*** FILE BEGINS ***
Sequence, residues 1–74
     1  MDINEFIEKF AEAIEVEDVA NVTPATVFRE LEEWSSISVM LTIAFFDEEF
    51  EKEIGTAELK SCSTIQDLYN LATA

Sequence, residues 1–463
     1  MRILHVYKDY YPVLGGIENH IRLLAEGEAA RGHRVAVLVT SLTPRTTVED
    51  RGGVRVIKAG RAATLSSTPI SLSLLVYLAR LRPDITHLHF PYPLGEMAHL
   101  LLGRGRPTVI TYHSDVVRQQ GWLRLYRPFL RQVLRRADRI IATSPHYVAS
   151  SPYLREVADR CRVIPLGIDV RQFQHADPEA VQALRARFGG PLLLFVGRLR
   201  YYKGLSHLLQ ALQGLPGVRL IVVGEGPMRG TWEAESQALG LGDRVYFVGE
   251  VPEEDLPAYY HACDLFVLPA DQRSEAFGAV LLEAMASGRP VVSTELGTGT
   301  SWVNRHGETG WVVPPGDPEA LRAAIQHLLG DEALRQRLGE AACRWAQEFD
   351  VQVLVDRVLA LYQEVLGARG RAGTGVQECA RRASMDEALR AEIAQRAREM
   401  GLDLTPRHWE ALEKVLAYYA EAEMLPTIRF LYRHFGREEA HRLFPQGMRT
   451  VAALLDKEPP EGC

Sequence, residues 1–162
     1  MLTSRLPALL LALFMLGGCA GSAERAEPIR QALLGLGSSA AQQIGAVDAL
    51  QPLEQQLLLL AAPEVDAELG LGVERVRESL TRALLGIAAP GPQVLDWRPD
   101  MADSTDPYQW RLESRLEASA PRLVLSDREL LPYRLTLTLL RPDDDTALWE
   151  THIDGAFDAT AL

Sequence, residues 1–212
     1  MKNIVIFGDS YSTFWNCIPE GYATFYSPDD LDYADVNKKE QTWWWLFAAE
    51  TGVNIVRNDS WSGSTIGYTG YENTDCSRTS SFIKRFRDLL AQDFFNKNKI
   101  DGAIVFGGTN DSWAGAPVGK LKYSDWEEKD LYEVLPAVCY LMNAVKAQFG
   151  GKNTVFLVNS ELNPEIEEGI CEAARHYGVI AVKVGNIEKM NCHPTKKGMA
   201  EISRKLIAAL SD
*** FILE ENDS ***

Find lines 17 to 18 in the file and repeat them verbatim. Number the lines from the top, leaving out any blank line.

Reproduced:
    51  QPLEQQLLLL AAPEVDAELG LGVERVRESL TRALLGIAAP GPQVLDWRPD
   101  MADSTDPYQW RLESRLEASA PRLVLSDREL LPYRLTLTLL RPDDDTALWE